Canada Question
Ottawa pitches new consumer-focused direction for CRTC

Ottawa pitches new consumer-focused direction for CRTC

Ottawa pitches new consumer-focused direction for CRTC

The federal government has put out new policy directives for the Canadian Radio-television and Telecommunications Commission (CRTC) aimed at improving competition and giving consumers more options for their telecom services.

The directives, which the regulator published on its website after markets closed on Thursday, are open for comment until July 19, after which they may come into force. Generally, they seek to redefine the CRTC’s mandate to make it more focused on stimulating competition among telecom services, and helping consumers in the process.

Among the proposed directives is one that would force the large incumbent telecom providers to offer space on their broadband internet networks to smaller regional competitors, who then resell that service themselves.

Known as “wholesale internet,” the regulator had, in 2019, mandated the big companies to provide that network space at a very low rate, before reversing that decision in 2021, much to the chagrin of smaller players who said they would have to raise their prices as a result.

The policy direction would not reverse that 2021 decision but it would require the big telcos “to continue to give access to competitors at regulated rates so they can offer better prices and more choices to Canadians.”

A government spokesperson said it would be “irresponsible” to implement the lower rates that were available prior to the 2021 decision.

“That does not mean to say that there is not room for improvement, or competition.”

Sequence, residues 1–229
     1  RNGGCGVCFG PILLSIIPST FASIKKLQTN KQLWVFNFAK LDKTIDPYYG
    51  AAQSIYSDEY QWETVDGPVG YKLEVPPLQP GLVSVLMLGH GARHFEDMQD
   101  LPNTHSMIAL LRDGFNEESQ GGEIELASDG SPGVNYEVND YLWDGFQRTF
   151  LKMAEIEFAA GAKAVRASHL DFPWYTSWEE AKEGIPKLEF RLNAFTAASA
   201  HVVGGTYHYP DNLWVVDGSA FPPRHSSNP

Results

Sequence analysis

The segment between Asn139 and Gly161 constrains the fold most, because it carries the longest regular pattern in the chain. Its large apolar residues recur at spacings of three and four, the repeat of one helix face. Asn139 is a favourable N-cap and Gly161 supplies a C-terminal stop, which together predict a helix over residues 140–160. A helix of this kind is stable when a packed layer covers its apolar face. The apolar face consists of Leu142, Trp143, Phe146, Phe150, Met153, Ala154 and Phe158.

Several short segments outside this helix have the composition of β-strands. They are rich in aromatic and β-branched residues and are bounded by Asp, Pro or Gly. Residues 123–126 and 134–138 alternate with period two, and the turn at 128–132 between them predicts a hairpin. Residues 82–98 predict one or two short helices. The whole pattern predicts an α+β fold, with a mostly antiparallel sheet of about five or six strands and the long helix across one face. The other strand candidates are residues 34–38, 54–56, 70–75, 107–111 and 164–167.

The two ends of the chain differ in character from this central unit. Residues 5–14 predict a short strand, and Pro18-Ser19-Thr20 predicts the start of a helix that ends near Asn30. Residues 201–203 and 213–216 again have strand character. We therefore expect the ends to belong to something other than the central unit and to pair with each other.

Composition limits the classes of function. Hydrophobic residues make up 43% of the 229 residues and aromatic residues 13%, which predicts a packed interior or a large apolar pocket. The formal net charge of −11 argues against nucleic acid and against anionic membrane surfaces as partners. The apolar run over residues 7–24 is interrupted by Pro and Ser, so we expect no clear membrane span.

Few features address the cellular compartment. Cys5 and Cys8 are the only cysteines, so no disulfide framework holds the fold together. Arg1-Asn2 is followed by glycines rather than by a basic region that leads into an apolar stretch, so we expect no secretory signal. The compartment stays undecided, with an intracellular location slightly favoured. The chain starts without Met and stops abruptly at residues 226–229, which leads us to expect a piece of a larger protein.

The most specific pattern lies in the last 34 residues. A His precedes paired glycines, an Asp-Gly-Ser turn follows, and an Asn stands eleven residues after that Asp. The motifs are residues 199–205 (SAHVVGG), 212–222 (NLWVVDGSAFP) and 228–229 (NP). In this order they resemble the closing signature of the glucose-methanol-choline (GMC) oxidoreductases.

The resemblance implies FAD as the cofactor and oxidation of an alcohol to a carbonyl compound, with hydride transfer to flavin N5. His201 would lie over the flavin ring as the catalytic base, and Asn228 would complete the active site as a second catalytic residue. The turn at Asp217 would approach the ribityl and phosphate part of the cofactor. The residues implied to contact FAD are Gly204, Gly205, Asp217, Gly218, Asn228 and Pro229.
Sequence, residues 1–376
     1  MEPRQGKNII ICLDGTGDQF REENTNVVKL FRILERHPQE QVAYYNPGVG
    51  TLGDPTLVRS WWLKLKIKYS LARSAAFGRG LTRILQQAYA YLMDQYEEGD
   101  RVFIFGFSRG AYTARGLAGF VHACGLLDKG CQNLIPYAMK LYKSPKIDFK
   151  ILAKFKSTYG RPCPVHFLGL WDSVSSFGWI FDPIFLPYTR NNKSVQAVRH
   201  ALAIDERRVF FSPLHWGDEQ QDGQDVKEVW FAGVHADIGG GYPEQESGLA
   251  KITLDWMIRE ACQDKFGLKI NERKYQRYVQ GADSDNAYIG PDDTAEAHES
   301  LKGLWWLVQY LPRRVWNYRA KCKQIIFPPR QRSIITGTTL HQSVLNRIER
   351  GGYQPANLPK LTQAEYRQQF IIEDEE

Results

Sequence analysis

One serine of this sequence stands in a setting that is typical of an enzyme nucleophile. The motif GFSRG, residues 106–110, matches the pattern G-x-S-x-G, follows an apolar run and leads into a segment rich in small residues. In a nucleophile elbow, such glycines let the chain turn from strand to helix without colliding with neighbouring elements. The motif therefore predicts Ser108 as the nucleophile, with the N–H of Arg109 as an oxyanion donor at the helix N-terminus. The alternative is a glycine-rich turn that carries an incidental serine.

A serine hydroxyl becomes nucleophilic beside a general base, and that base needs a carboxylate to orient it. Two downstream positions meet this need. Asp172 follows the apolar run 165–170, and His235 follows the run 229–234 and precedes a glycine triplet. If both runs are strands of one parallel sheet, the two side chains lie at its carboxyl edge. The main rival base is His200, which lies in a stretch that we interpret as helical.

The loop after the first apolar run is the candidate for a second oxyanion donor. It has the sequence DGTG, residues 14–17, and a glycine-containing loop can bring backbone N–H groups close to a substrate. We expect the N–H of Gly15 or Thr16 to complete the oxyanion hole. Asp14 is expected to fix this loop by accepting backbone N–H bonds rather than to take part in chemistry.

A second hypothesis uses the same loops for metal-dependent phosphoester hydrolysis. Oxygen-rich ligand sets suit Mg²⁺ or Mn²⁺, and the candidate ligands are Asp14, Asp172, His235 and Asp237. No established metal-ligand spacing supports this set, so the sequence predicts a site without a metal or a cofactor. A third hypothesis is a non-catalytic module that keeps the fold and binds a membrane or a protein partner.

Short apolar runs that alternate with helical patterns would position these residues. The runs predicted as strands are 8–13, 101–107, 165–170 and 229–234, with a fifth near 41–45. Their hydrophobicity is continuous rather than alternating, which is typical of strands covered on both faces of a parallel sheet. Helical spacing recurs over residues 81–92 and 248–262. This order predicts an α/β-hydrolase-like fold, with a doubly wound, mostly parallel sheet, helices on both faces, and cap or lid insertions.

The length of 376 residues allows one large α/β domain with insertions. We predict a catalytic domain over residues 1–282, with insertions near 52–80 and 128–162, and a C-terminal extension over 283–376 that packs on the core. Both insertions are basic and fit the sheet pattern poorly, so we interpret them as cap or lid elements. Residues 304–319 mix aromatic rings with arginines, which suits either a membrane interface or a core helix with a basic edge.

Colin Legendre, president of Coextro, an Ontario-based internet service provider, said he was “disappointed” in what he saw on Thursday.

The government “kind of made a non-decision by not overturning the 2021 decision,” he told CBC News.

He said the previous wholesale rates were good because they provided clarity for all companies in the space, but the 2021 decision made it impossible for smaller competitors to compete.

Changes to wireless industry too

Another proposed change would direct the CRTC “to improve its hybrid mobile virtual network operator (MVNO) model as necessary.”

MVNOs are cellular networks run by third-party companies with no wireless infrastructure of their own, but which offer services on existing networks. Canadian actor Ryan Reynolds runs a MVNO called Mint Mobile, offering rock-bottom cellular services to Americans, but not in Canada.

True MVNOs are not allowed to operate in Canada because of a 2021 CRTC ruling that declared they must have some sort of wireless infrastructure of their own to operate, meaning the only MVNOs possible in Canada would have to be regional players with their own networks that piggyback on other networks in places where they don’t operate.

The new policy directive makes it clear the government would like to see how that MVNO policy unfolds

“The government is prepared to move to a full MVNO model, if needed, to support competition in the sector,” the government said.

Another proposed change would call on the CRTC to address unacceptable sales practices and lay out new measures to improve clarity around service pricing and the ability for customers to cancel or change services.

François-Philippe Champagne, the minister of innovation, science and industry, says the new policy directives are part of the government’s push to boost affordability.

“As part of our ongoing efforts to make life more affordable for Canadians, we are introducing a strong policy direction that requires the CRTC to focus on improving competition and supporting consumers,” he said on Twitter.

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